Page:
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5 Written questions

5 Matching questions

  1. what heavy isotope changes relative to what light isotope in sea water, as ice sheets get larger during a glacial interval?
  2. what is the difference between weather and climate?
  3. how do we know there has been a sharp rise in atmospheric CO2 since the industrial revolution?
  4. how do we know what the concentration of atmospheric CO2 was during past glacial and interglacial cycles? where do these samples come from?
  5. how far back in time can we trace climate using historical documents?
  1. a heavy isotope increases relative to light isotope at cooler temperatures (O18/O16 goes up).
  2. b weather refers to the state of the atmosphere at a given time and place; climate is a description of aggregate weather conditions based on observations over many decades; climate is often defined as "average weather"
  3. c 30% higher than highest level over at least the last 650,000 years
  4. d changes in carbon dioxide and methane are linked to fluctuating temperatures. the cores also include atmospheric fallous such as wind-blown dust, volcanic ash and modern day pollution
  5. e ...

5 Multiple choice questions

  1. ...
  2. produce results that are the opposite of the initial change and tend to offset it
    ex: the negative effect that increased cloud cover has on the amount of solar energy available to hear the atmosphere
  3. (1) seafloor sediments- contain remains of organisms that one lived near sea surface; useful recorders of worldwide climate change
    (2) oxygen isotope analysis- based on precise measurement of the ratio bt 2 isotopes of oxygen; O^16 is most common and the heavier O^18: O^18/O^16 ratio in shells of microorganisms- past temperatures
    (3) climate change recorded in glacial ice
    (4) tree rings- archives of environmental history
    (5)fossil pollen, corals, historical data
  4. positive feedbacks are changes that reinforce the initial change
    ex: warmer surface temperatures can cause an increase in evaporation, which further increases temperature as the additional water vapor absorbs more radiation emitted by Earth
  5. by analyzing pollen from accurately dated sediments, it is possible to obtain high-resolution records of vegetational changes in an area because pollen and spores are parts of life cycles of many plants and are easily identifiable

5 True/False questions

  1. what are other, natural sources of CO2 and aerosols?(1) seafloor sediments- contain remains of organisms that one lived near sea surface; useful recorders of worldwide climate change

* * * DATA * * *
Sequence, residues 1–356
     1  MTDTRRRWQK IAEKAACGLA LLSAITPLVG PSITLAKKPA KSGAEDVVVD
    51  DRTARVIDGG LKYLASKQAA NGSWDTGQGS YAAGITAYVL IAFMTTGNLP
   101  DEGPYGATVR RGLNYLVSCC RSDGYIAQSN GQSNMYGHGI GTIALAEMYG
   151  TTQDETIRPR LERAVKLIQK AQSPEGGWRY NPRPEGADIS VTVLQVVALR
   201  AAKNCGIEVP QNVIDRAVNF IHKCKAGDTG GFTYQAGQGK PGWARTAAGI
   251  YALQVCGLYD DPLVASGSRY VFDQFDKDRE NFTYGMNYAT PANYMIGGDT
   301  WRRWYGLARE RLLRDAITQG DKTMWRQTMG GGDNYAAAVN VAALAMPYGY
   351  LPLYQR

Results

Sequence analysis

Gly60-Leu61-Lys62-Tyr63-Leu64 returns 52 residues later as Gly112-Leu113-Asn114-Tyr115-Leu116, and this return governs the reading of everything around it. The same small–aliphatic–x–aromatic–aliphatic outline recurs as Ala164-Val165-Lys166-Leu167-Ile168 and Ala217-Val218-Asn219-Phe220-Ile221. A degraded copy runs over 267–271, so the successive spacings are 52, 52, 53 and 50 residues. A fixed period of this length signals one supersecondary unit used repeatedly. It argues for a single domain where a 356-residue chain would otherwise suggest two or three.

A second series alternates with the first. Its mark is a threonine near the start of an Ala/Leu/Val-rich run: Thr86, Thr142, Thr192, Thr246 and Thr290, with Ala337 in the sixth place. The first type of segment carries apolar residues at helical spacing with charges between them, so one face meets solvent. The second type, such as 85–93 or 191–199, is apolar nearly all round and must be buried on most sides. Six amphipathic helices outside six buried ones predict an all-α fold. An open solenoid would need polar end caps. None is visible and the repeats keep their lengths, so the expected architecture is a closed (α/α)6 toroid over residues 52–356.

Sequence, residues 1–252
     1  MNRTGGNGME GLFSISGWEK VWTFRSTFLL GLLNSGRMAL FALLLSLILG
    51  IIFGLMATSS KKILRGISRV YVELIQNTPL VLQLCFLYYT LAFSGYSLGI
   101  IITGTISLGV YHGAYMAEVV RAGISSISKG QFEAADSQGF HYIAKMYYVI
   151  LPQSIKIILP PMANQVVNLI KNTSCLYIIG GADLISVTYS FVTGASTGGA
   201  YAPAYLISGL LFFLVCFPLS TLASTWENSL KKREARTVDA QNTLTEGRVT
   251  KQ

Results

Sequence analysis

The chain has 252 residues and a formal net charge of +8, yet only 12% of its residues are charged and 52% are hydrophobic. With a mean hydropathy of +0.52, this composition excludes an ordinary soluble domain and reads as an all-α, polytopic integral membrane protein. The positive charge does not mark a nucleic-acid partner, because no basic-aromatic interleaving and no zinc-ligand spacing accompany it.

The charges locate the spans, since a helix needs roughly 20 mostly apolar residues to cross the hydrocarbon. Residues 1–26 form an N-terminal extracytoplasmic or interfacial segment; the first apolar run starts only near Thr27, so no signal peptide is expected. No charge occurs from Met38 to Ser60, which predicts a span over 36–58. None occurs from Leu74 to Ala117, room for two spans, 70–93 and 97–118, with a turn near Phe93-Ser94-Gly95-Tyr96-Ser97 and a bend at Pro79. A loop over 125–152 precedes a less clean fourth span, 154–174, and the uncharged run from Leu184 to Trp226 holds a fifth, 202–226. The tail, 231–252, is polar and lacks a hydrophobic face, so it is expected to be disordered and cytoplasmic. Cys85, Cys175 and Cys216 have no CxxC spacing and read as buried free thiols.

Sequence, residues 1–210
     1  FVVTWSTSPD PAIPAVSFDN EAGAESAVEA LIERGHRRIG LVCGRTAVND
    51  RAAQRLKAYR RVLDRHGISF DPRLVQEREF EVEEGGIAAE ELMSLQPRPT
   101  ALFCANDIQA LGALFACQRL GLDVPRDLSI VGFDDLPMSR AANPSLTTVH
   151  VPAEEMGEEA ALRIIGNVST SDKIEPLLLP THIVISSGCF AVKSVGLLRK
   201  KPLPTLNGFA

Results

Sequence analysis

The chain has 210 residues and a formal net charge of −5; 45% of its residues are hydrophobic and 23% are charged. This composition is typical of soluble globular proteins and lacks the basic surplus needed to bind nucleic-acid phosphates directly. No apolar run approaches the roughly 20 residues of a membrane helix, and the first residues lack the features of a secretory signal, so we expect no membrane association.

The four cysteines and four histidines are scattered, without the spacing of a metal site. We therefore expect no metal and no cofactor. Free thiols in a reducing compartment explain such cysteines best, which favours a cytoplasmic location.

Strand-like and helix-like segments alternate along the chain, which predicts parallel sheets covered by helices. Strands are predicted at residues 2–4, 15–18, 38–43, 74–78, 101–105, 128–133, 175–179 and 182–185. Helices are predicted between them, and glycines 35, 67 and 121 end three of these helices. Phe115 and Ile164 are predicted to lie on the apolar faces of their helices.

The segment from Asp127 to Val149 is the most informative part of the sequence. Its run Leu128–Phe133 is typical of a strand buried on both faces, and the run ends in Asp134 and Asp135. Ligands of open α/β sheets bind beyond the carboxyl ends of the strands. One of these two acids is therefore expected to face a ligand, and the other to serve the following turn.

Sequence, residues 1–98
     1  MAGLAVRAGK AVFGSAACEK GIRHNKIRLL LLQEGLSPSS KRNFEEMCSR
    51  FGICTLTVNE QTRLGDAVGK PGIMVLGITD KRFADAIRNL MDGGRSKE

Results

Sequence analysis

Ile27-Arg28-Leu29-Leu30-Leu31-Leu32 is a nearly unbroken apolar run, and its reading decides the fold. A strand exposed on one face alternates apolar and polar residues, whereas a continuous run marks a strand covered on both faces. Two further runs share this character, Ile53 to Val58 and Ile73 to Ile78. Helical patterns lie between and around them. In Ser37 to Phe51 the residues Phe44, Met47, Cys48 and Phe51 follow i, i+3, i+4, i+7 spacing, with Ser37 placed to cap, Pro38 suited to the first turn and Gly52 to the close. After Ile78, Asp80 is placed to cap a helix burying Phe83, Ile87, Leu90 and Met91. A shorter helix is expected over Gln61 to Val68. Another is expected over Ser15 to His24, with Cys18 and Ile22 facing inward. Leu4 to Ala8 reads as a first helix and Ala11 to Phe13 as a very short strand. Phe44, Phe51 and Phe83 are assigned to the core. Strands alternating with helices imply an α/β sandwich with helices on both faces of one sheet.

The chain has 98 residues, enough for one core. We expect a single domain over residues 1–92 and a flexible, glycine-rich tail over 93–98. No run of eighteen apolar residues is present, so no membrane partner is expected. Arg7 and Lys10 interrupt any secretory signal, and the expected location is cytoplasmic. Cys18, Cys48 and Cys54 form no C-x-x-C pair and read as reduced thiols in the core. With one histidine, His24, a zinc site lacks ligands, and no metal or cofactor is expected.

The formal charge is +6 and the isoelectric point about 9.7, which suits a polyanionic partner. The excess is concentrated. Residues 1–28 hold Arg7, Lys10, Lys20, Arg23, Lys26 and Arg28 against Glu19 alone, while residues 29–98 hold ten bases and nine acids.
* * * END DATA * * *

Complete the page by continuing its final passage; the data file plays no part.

(2) oxygen isotope analysis- based on precise measurement of the ratio bt 2 isotopes of oxygen; O^16 is most common and the heavier O^18: O^18/O^16 ratio in shells of microorganisms- past temperatures
    (3) climate change recorded in glacial ice
    (4) tree rings- archives of environmental history
    (5)fossil pollen, corals, historical data

          

  2. what was the purpose of the Ocean Drilling Program?(1) seafloor sediments- contain remains of organisms that one lived near sea surface; useful recorders of worldwide climate change
    (2) oxygen isotope analysis- based on precise measurement of the ratio bt 2 isotopes of oxygen; O^16 is most common and the heavier O^18: O^18/O^16 ratio in shells of microorganisms- past temperatures
    (3) climate change recorded in glacial ice
    (4) tree rings- archives of environmental history
    (5)fossil pollen, corals, historical data

          

  3. what is albedo?forms at ~ 20 - 30 km above Earth's surface, and is a protective layer that helps to filter out UV radiation by absorbing some of its energy. Life on planet Earth needs this because too much UV at Earth's surface (where we all live) can be harmful to cell function.

          

  4. at what end of the electromagnetic spectrum does one find higher energy wavelengths, and at what end are the lower energy waves?the hotter the radiating body, the shorter the wavelength of maximum raidation

          

  5. what is the composition of foraminifera shells (or tests)?...